1. Trust in the Lord with all your heart.

2. Lean not on your own understanding.

3. Acknowledge Him in all your ways.


Some of you have never heard this before and some of you are almost too familiar with this verse, and so I want you to see it as if for the first time. The starting place for a straight path is just what it says on all American money, “In God we trust.” This is somewhat ironic, because, in my experience, money is often the last thing that Americans or Canadians trust God with.


“Trust in the Lord with all your heart.” In every arena of life, in every possible path, in every category of path, “trust” God. The answer to choosing the right path is to choose God, to trust God, to go where he asks you to go, do what he asks you to do, and to do it every day. This is not a one-time thing. It’s a path. Place all your confidence, all your faith, all your hope, all your plans in God.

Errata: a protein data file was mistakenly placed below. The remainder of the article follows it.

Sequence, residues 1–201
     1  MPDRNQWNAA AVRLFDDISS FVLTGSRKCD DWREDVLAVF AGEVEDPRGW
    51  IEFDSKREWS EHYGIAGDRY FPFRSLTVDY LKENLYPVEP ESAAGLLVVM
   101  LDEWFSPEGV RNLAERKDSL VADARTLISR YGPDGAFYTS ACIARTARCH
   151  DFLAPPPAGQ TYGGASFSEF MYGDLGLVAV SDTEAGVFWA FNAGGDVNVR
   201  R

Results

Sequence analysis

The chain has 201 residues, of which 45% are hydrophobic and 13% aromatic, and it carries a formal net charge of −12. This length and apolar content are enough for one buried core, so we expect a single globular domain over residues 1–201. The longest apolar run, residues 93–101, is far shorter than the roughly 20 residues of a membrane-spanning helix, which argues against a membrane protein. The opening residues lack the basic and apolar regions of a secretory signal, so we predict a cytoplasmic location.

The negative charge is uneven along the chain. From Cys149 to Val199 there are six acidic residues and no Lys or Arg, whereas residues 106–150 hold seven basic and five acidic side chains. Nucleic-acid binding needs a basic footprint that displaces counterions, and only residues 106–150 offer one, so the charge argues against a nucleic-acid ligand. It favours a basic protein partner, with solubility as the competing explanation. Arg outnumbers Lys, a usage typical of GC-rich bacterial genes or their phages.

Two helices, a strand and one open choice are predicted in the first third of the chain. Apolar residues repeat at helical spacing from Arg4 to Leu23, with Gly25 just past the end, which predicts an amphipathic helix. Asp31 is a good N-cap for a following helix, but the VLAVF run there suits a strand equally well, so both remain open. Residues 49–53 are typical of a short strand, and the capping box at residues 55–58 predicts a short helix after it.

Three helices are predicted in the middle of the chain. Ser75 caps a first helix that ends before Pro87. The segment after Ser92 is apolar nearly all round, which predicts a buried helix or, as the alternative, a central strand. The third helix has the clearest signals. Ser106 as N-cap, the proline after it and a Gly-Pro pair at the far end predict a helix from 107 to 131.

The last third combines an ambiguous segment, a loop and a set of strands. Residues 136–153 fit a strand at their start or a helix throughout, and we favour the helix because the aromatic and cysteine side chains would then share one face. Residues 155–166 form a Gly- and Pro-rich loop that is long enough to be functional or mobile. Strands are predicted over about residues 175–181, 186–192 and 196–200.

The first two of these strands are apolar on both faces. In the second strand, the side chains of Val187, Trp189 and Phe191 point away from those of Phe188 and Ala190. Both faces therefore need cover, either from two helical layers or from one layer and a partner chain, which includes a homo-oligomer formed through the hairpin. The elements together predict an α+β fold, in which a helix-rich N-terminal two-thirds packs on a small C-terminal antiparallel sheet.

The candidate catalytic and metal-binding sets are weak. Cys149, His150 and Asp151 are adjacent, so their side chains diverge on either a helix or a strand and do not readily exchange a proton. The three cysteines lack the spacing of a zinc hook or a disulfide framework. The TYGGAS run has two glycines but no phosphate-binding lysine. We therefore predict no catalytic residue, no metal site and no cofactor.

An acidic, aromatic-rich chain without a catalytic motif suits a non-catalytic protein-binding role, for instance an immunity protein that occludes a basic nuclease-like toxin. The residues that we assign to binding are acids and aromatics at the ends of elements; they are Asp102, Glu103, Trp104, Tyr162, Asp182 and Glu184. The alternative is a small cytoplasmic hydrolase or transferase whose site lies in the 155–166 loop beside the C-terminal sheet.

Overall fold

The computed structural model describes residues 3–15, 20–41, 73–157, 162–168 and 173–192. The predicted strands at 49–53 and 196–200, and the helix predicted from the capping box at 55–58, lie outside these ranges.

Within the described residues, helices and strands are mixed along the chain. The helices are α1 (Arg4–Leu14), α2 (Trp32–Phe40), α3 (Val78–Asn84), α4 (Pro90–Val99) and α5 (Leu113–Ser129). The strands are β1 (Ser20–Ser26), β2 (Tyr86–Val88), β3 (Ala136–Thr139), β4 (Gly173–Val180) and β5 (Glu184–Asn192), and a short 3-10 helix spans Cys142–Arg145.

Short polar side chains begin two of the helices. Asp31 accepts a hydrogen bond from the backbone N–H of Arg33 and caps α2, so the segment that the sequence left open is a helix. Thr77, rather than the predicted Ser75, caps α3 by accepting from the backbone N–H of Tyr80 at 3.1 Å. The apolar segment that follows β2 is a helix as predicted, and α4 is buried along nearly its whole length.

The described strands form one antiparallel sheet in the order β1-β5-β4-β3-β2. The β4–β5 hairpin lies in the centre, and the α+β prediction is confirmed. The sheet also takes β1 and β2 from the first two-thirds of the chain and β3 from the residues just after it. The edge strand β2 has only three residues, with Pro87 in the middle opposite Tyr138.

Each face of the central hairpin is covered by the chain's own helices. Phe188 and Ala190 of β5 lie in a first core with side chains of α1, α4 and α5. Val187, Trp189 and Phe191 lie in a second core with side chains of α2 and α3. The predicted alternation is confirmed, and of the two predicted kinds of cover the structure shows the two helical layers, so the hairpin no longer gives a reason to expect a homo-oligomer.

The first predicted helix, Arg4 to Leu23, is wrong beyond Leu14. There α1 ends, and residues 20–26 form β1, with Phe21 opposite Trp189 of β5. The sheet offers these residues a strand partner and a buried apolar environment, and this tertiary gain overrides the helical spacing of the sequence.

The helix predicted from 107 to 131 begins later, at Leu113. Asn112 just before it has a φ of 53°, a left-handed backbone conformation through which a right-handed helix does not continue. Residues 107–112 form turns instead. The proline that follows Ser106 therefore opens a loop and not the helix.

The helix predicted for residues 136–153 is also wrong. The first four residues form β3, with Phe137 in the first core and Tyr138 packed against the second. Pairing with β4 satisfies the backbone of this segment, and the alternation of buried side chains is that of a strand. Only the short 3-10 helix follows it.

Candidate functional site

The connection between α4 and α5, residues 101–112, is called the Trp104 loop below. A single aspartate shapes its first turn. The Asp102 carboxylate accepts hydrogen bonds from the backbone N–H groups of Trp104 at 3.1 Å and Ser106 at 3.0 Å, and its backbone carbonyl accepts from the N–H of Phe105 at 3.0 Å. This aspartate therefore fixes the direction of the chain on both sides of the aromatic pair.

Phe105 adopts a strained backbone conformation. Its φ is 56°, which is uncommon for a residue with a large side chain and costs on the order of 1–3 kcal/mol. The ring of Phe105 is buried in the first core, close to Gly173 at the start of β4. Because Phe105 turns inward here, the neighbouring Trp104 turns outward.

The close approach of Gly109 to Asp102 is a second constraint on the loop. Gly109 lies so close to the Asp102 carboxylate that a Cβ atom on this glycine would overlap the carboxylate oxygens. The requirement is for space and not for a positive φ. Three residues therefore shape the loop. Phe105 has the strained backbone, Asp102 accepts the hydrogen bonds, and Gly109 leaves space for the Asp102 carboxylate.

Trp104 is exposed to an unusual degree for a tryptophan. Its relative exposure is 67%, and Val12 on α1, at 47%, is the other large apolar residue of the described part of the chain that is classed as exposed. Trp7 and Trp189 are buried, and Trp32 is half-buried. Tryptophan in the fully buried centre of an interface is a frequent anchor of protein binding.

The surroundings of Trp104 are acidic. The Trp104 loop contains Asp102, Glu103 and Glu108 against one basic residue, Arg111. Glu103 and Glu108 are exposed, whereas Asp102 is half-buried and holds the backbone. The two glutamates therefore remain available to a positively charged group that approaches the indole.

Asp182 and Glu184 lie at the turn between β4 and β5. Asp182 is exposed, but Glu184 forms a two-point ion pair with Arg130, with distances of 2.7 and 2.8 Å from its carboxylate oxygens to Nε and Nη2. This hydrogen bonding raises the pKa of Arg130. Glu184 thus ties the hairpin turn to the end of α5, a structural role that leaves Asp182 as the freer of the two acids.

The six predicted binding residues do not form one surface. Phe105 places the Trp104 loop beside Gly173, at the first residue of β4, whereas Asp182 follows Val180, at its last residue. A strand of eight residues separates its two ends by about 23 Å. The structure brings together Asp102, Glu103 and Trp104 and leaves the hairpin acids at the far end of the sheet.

The challenge is to not lean on what your heart says is right, not on what your heart wants to do, not on your understanding of how much you need a new car, a new job, a different spouse, more income, a mate. How many times have you said to someone, “Just go with what your heart is telling you”? Or “Follow your heart.” We’ve all said that, haven’t we? That might be bad advice, friends, because the prophet Jeremiah said, “The heart is deceitful above all things…” (Jeremiah 17:9)


Do you know what he meant by that? He meant sometimes our hearts lie to us. Almost every time we want to do something that feels good short term that we intuitively know is not good for us long term, our hearts come up with reasons to do the thing we want to do rather than the thing that’s best for us over the longer term. Say this to yourself, “My heart lies to me!”